Science and Technology: Policy and Capacity Building
Policy Brief
India’s relatively poor performance in S&T research is largely due to the policy and institutional structures in India. Despite the large gap in India’s S&T performance and the huge scope for policy improvement, there are almost non-existent efforts in S&T policy advocacy. There is a wide-open space in pursuing matters of S&T with the government, help them formulate policy based on deep understanding of the gaps in the Indian system and the best practices across the world. We also require capacity building in S&T. There are various actors in the S&T ecosystem – grant-making agencies, research institutions, universities, industry, faculty, PhD students, and support systems. We need to support them, help them incorporate best practices, get connected among themselves and connect to the society. Private individuals and organizations can play a catalytic role here. Read more

Artificial Intelligence in India: Opportunities and Challenges
Policy Brief
Is AI an opportunity for India? Are Indian companies using AI? What is automation doing to the jobs? Does India measure up to USA and China in AI? What are our challenges? What about AI startups? What can we do to lead in AI? This policy notes provides a wholesome picture of AI in India today and a way to the future.  Read more

Improving S&T ecosystem in India: Short term measures 
Policy Brief
The Indian government has shown intent towards solving some of the issues in the science and technology ecosystem through measures such as the Institutes of Eminence and PM Research Fellowship. Even though the S&T ecosytem needs structural changes, some of these intiatives are well-intentioned. This policy note looks at how to improving these schemes and make them more holistic. Read more

Using AI for government initiatives
Policy Brief
Multiple governments today wish to use AI to make their processes more efficient. This could be a game changer specifically for developing economies which suffer greatly from problems of lack of capacity, infrastructure and corruption. Easier said than done, governments really struggle on how to find the right projects where AI could be super effective, how to build solutions and finally implement it. This is a short policy note on doing this in an efficient manner. It may take 5-7 years to implement these programs, but the methodology with yield real long term benefit. The policy note is written in context of India, but is applicable to other countries as well. Read more.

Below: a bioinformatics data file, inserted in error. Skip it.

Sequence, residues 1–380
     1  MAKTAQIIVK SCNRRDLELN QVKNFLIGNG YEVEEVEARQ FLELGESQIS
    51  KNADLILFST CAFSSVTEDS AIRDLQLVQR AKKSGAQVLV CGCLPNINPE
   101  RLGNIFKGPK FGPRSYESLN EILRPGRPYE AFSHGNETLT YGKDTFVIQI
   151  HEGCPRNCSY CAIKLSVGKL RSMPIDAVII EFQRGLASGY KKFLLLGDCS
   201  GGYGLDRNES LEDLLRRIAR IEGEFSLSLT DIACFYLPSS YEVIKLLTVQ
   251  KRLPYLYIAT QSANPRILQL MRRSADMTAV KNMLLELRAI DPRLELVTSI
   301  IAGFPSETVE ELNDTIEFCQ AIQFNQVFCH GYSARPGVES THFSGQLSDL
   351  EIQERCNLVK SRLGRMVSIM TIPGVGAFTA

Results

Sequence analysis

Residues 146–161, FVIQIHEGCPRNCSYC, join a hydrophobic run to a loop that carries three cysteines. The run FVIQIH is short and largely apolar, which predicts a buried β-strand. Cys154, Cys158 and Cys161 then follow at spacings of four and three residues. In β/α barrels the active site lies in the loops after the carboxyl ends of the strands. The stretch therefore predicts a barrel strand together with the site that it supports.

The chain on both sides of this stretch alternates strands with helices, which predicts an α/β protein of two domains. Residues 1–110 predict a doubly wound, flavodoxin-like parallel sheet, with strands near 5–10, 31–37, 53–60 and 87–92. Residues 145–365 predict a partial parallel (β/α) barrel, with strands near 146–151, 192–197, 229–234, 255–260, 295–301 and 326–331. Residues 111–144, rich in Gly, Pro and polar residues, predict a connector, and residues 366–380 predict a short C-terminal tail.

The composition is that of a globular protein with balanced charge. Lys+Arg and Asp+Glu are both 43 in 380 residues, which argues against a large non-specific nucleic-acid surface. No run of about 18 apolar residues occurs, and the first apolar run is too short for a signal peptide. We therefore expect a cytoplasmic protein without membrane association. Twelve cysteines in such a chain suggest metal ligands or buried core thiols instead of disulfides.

Artificial Intelligence: India Next?
Policy Brief
Artificial is transforming science, engineering and businesses.  India’s great opportunity in AI is beseeched by greater challenges. Earlier this year, the Finance Minister said, “Technologies such as machine learning, artificial intelligence and others are the technologies of the future and NITI Aayog will establish a national programme to conduct research and development in these areas.”  In this white paper, I lay out a plan to accomplish it in the next five years. It requires three components: a. Leading AI research globally, b. Large-scale training in AI and c. Commercialization of AI research. I use the principles laid out in the last chapter of the book “India Next?” to design this strategy. India can achieve this with an annual outlay of just Rs. 600 crore ($100 million a year)! Read more.

Where does India stand as machines become intelligent
Machine learning is the science of learning to do tasks by observing examples. It is transforming the world by enabling machines do all sorts of ‘intelligent’ tasks such as understanding images, human speech, predicting preferences, diseases and many others. With tremendous amount of data, interconnectedness, sophisticated algorithms and huge processing power in small devices, machines do things which were beyond their reach until recently. Read more

Science and Technology: The opportunity and Challenges 
Today is the most opportune time for India to revolutionize its science and technology ecosystem. If India doesn’t build its research and innovation ecosystem now, it risks its economic growth and social development. We are frittering away our large opportunity in S&T. We have many challenges. Read more to learn about the opportunities and challenges for S&T in India.

It will be winner takes all, but with many winners
Very large companies with their products being used across the world are emerging around us. The market has become efficient due to the internet – if you have a killer product or service [1], it can sell across the world on the internet providing high returns on innovation. This makes the company super rich and the entrepreneur gets a high upside for the innovation. However, this also displaces the local players ... Read more

The first data science camp for kids!
We see data and data science exploding around us - more and more businesses (and even governments) make decisions based on data, rather than qualitative analysis or expert views. This is also because businesses, and our lives, have turned digital and data is easily accessible than ever before. Our way of thinking about things has turned statistical- the answer to a question is not a yes or a no anymore, but an effect size with a confidence interval, or stated simply, the likelihood (chance) of the answer being yes is some percent value. If you did not get either of these, take a data science course now! Read more